Nearly ten years ago now I began a certificate program in systematic theology that consisted of five courses plus a substantial final project. I completed that program in 2011 and still consider it to have been a great blessing to me, one about which I have written here in a previous post. At the same time, the process made me aware of a major flaw in distance education that, while not entirely negating the value of online instruction, represents a marked lack in that model compared to on-campus instruction. That flaw is the lack of mutual support and camaraderie among fellow students and even between students and faculty. In traditional face-to-face courses students often study together, share ideas, and even socialize outside of class. Occasionally professors are involved in such informal gatherings, and “unplanned teaching moments” can end up being as vital to the student’s development as the lectures and activities during class. While online instructors sometimes try to replicate this via discussion forums and even scheduled “virtual gatherings” in chatrooms, the spontaneity of these interactions and even the “ministry of presence” among one’s peers is difficult to replicate in a virtual setting.
In the course of my online theological instruction I became aware of how men studying together for vocational ministry formed support groups which continued throughout and even beyond their time in seminary. The pastorate can be a lonely calling, and I can’t help but think that those in that profession who either lack a seminary education or who were educated online or via correspondence keenly feel the lack of this support group. In a similar way, albeit with much less eternal significance, music educators form similar support groups. The band directors whose former students I teach and then send back into that profession operate in a largely friendly professional milieu that builds upon relationships built during their time as college music majors. Over time one’s peer group within the profession expands to include mutual friends and acquaintances of others within the group until a very healthy and effective support network exists. Something similar exists among my colleagues and acquaintances within the university low brass teaching community. Being a band director or other type of music teacher can be, like the pastorate, very lonely, so having a support group in which one can confide and from which one can receive counsel is vital to success. And like I said, this begins in college.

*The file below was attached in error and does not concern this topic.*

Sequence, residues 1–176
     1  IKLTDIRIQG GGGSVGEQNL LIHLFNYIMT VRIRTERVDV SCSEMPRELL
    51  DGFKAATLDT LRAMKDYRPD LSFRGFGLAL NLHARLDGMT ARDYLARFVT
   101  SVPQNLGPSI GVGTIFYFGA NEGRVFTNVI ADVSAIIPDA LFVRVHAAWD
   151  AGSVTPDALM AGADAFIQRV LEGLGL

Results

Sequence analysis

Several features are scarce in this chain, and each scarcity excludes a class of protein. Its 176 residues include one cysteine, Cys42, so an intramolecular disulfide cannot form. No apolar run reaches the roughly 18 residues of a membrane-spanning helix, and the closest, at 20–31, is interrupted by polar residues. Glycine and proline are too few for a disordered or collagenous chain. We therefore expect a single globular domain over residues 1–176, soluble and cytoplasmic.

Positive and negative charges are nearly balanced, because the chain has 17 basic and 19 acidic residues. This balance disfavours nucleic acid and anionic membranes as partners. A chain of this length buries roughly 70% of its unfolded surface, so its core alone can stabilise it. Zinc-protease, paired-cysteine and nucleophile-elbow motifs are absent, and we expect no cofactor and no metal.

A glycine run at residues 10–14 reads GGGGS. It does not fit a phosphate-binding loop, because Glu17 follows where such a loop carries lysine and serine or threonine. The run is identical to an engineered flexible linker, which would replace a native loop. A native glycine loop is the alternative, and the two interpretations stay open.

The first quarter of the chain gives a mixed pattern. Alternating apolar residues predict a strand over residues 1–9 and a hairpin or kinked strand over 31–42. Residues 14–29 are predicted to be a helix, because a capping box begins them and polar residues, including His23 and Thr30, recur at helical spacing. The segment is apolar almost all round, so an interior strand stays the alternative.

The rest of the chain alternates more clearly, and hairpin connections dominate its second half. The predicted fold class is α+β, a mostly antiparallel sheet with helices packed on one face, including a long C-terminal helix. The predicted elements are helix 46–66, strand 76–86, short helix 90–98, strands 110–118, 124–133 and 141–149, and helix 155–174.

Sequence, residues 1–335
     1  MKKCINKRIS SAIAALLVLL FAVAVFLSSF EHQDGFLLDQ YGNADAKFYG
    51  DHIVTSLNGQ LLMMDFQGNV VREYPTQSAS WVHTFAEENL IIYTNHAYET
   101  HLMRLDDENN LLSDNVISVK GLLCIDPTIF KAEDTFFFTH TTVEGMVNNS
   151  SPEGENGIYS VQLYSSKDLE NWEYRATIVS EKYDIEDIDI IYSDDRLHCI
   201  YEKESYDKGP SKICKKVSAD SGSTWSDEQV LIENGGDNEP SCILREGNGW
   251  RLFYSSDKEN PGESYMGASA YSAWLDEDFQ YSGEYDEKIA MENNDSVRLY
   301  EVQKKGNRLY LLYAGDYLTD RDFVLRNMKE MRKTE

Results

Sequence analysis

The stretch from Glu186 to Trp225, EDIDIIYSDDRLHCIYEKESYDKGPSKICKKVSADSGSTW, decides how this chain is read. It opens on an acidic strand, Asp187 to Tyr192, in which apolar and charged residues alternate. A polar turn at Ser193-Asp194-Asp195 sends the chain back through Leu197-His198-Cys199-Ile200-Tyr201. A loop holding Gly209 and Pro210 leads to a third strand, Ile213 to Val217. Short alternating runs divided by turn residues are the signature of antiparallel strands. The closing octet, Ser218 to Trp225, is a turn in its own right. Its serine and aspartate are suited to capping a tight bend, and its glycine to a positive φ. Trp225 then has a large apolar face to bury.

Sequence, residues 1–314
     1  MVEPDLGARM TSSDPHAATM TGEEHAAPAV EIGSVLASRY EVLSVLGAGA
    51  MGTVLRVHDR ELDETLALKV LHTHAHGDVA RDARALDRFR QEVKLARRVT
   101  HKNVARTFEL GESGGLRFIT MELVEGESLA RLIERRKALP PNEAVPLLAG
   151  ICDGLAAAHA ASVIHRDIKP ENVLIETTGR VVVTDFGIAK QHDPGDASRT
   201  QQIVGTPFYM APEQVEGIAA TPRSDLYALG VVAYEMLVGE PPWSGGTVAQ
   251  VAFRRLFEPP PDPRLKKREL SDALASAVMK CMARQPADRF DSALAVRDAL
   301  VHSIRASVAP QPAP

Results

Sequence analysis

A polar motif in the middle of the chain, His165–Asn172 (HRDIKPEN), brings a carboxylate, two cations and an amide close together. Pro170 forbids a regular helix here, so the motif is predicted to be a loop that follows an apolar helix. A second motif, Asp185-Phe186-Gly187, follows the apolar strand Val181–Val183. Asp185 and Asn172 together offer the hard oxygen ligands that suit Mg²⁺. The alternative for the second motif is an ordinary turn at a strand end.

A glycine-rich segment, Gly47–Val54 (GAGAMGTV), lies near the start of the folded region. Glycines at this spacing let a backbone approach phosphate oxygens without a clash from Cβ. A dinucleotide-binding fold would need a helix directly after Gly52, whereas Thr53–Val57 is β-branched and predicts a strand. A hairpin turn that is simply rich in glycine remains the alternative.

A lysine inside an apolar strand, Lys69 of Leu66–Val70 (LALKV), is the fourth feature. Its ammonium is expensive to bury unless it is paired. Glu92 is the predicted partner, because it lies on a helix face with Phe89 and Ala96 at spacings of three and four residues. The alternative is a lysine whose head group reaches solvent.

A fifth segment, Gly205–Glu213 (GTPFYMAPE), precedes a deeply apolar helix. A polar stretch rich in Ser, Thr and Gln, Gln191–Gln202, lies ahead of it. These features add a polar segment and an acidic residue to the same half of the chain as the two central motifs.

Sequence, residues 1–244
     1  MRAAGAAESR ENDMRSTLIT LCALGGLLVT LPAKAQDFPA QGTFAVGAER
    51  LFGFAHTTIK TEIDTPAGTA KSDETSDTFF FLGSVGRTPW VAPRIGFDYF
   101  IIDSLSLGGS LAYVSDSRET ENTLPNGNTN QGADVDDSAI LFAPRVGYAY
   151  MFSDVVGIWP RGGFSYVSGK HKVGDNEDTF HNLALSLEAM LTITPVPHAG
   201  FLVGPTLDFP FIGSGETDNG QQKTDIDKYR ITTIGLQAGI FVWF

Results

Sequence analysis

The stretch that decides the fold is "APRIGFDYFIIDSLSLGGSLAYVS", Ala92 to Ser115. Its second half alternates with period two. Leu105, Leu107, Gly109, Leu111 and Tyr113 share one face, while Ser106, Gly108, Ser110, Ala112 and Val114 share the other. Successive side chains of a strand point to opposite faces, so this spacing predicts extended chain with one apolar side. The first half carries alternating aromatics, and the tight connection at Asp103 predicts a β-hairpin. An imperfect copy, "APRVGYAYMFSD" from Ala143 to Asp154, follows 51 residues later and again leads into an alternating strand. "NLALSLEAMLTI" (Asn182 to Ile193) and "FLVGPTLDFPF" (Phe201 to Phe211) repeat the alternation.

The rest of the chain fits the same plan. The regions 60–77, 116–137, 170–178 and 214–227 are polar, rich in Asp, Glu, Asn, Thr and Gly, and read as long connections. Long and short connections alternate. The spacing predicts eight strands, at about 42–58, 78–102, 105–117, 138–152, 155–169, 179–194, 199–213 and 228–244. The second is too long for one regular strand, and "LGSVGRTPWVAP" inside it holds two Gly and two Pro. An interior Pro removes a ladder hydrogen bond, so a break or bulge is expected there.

In a healthy college or university music department students are hanging out at the music building all the time. Sometimes they are practicing, sometimes they are studying for theory exams, sometimes writing drill or arranging music, and sometimes they are just “hanging out.” The point is that they are together, learning together, performing together, and simply being together, helping one another through what might not be the most difficult degree program on campus, but it is certainly one of the more labor-intensive ones. This group that helps one overcome the challenges of the music degree program—especially the music education program—forms the nucleus of that support group which will last throughout a student’s career. Without it, succeeding in the degree program is difficult, to say nothing about the rigors of the music profession itself.
While I don’t have hard data to share in this little essay, over twenty years’ casual observation tells me that a significant percentage of students who begin their university careers as music or music education majors do not complete the program. Most simply decide that the “music life” is not for them and choose some other major in which they can be more successful. Others drop out of college altogether and pursue some other path, and some simply seem to “wash out.” Regardless of their reasons for leaving, a common factor that exists among many of these folks is that they are rarely in the music building more often than they absolutely have to be. They don’t participate in study groups, they don’t practice at the same times as others or engage in mutual critique, and they don’t spend time just “hanging out” with their fellow musicians. I am never surprised to see such students end up pursuing some other profession or way of life. The support of fellow students is too vital to success, and even continuation.
Now, please do not take me as somehow judging those students who leave the music program for some other pursuit. I’m glad whenever students build careers that enable them to have happy, fulfilled, productive lives, whether inside or outside of the music field. Students leave music for any number of reasons, but a common thread is the lack of engagement with and building support groups among their peers. Students looking to become musicians or music educators should find friends among their fellow music majors, and do it quickly. Trust me, you’ll need them!